fbpx
keter

Hats and Yarmulkes: A Visual Guide To Orthodox Jewish Men’s Head Coverings

While we have previously discussed why Orthodox Jewish men wear yarmulkes (kippahs), and why many also wear hats, not all hats and yarmulkes look the same, and the differences in appearance can be puzzling to outsiders (and frankly even to Orthodox Jews in other groups!) Please use our handy visual guide to understanding Orthodox Jewish men’s head coverings. This post highlighting the different communities described below may also be helpful. (Editor’s note: We are sure that not everyone fits into the boxes we describe below and that someone will disagree with something we said (hey, we’re Jewish!) but we did our best to explain these differences as we understand them. If you have another perspective, feel free to add your point of view in the comments below.)

Pinched Hats

Fedora Hat
These hats are a standard both in the yeshivish as well as the Lubavitch communities. The flattened pushed-down brim (some describe it as a “crushed” look) is typical of Lubavitch, who often also tend to wear their beards long at any age. A shorter, straighter brim alongside a shorter beard can often indicate that the fedora wearer is someone from the Yeshivish community or the right-wing Modern Orthodox community. (But modern Orthodox men who wear black hats only do so on Shabbos.)

 

 

 

Trilby Hat

Traditionally made from rabbit fur, these hats were once strongly identified with Frank Sinatra, Inspector Clouseau and Leonard Cohen (pictured). While some pair these hats with the “balebatish” Yeshivish community, they have risen in popularity in the last few years and are the new “in” hat amongst bar mitzvah boys in the Yeshivish community and some in the hipster Lubavitch or Hasidic communities.

 

 

 

Non-Pinched Hats

Kashket

As popularized by Feivel in An American Tail and Tevye in Fiddler on the Roof, this felt cap was once a mainstay for religious Jewish men but fell out of favor. A felt cap worn mostly by Hasidic children on Shabbos, it is a more stylized version of a “newsboy” cap. While popular among adults before WWII, it is now restricted to mostly youthful wearers.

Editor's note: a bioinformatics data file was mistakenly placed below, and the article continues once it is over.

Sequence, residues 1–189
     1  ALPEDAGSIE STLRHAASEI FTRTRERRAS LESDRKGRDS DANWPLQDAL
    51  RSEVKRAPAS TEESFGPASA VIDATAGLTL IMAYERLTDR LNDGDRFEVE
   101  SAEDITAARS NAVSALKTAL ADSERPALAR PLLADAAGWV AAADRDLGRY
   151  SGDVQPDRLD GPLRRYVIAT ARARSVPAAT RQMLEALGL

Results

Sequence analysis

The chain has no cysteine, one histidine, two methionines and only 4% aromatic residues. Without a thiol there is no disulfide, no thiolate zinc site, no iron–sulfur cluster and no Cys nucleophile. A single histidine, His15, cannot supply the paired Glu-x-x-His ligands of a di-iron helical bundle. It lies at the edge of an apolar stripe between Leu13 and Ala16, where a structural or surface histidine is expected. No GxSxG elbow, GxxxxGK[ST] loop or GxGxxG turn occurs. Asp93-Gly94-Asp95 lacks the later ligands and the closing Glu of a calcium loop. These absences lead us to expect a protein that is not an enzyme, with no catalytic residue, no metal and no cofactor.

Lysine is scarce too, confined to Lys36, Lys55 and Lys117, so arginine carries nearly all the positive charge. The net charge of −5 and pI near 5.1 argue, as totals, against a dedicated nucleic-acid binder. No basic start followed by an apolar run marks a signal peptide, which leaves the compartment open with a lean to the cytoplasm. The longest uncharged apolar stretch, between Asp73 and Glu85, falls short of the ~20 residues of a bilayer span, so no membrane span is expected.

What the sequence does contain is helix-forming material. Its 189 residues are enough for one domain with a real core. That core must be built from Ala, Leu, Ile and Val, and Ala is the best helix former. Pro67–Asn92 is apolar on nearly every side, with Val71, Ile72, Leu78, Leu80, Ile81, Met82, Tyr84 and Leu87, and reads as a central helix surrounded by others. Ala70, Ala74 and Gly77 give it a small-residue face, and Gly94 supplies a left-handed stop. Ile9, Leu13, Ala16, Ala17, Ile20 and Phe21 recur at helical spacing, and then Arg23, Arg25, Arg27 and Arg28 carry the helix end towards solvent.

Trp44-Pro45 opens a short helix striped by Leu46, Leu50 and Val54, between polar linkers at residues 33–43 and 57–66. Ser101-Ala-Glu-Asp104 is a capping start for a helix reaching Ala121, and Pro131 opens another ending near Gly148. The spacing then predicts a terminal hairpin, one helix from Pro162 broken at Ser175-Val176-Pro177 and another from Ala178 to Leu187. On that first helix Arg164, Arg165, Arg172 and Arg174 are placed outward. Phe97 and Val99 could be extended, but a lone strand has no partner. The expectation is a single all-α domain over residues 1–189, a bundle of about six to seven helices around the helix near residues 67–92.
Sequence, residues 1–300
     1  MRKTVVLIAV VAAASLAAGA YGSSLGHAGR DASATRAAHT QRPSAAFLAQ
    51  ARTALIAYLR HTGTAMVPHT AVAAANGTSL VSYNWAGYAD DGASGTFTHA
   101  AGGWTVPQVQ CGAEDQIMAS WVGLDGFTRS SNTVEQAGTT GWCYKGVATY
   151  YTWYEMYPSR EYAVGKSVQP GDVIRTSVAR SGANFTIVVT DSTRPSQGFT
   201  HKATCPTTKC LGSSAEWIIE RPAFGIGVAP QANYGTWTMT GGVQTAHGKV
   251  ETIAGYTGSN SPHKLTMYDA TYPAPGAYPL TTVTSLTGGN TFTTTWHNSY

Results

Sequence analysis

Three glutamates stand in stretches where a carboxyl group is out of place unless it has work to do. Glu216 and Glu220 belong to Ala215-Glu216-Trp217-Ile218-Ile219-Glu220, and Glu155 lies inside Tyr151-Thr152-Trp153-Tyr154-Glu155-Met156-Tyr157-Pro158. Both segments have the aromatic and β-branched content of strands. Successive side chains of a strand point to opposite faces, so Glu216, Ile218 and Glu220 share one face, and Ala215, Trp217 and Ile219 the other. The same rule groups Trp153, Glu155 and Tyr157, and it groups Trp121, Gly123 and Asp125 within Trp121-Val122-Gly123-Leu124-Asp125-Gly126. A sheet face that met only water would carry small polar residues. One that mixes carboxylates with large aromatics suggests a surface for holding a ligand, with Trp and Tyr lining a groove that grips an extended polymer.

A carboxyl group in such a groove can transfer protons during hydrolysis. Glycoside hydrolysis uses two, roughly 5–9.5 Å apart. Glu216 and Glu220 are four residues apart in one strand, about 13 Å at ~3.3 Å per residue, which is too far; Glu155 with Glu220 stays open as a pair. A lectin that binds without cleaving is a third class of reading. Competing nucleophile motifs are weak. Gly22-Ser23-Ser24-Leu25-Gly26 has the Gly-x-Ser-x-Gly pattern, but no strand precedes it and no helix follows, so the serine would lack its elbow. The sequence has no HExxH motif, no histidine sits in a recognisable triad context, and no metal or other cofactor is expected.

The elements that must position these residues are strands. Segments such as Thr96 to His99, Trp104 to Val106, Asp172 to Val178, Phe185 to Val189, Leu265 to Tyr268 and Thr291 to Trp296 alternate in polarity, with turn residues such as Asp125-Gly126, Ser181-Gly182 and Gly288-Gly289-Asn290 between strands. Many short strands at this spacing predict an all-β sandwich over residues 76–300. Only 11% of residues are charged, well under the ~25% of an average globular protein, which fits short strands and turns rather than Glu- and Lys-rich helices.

Biber Hats

Worn by Hasidic Jews on weekdays (Shabbos, Holidays and weddings are for Shtreimels), Biber (Beaver) hats can be smooth or textured and high or flat (flat being the style worn by Satmar). This style is considered a “flat style” for Hasidic weekday wear, as opposed to the hoiche/high style favored by more branches of Chassidus.

 

 

 

Hoiche Hat

This Hoiche (High) crown weekday style is worn mostly by Hasidic Jews from all different courts, but can also be worn by Rosh Yeshiva in the Heimishe and Yeshivish worlds. Similar to the Biber hats above, they can also have a more felt or furry texture, with felt being more predominant.

 

 

 

 

Fur Hats

Shtreimel

These stereotypically Hasidic hats are worn by married men on Shabbos, Holidays and other festive occasions such as at weddings and minor festivals. In some communities, boys from bar mitzvah age wear them, as do some Litvish Jews in Jerusalem, who are called Yerushalmim. Hasidic Jews adopted the style from nobles in their home countries of Galicia, Hungary and Poland

 

 

 

Spodik

A tall fur hat worn by Polish Hasidic Jews, these are even taller than Shtreimels. Sometimes appearing more natural than the highly-stylized shtreimel, which are rounder, wider and shorter. According to Wikipedia, Spodiks are worn by Hasidic groups including Alexander, Amshinov, Ashlag, Gur, Kotzk, Lublin, Modzitz, Ozrov-Henzin, and Radzin.

 

 

 

 

 

Yarmulkes / Kippahs

Black Velvet Yarmulke

This common head covering can range from the creative (painted or embroidered as seen on young children), oversize (as seen on rabbis and Hasidic men) and others. A standard in the Haredi community, they are also worn by some Modern Orthodox and Centrist Orthodox Jews. (Suede Yarmulkes are also common among Modern and Centrist Orthodox Jews).  Haredi schoolchildren sometimes wear velvet in navy, gray, brown, burgundy and green.

 

 

 

Colorful Knitted Yarmulke

These Modern Orthodox or Dati Leumi staples are usually crocheted into a pattern, but can also include phrases, team logos or be plain black (a sign of the CharDal community in Israel or Centrist in America). While fabric kippahs are now standard in both the Haredi and Modern communities, fabrics range from colorful velvet to burlap to corduroy.

 

 

 

Bucharian Yarmulke
These oversize black kippahs are very structured (almost like a pillbox hat) and often show colorful embroidery across them in floral or botanical patterns. They are worn in the Sefardi/Bucharian community as well as in the Modern Orthodox community. Sometimes children from out-of-town Lubavitch and rabbis from other Jewish streams wear them as well.

 

 

 

Breslov Kippah/Yerushalmi

These white, knitted or crocheted kippahs are sometimes plain white and round (such as seen on Yerushalmi Hasidish and Dati Leumi Jews on Shabbos), while Breslov Hasidim wear them in a more pointed style, such as seen on these children. The fringe on top keeps them visually close to the Na Nach style, appropriate considering their shared Breslov roots.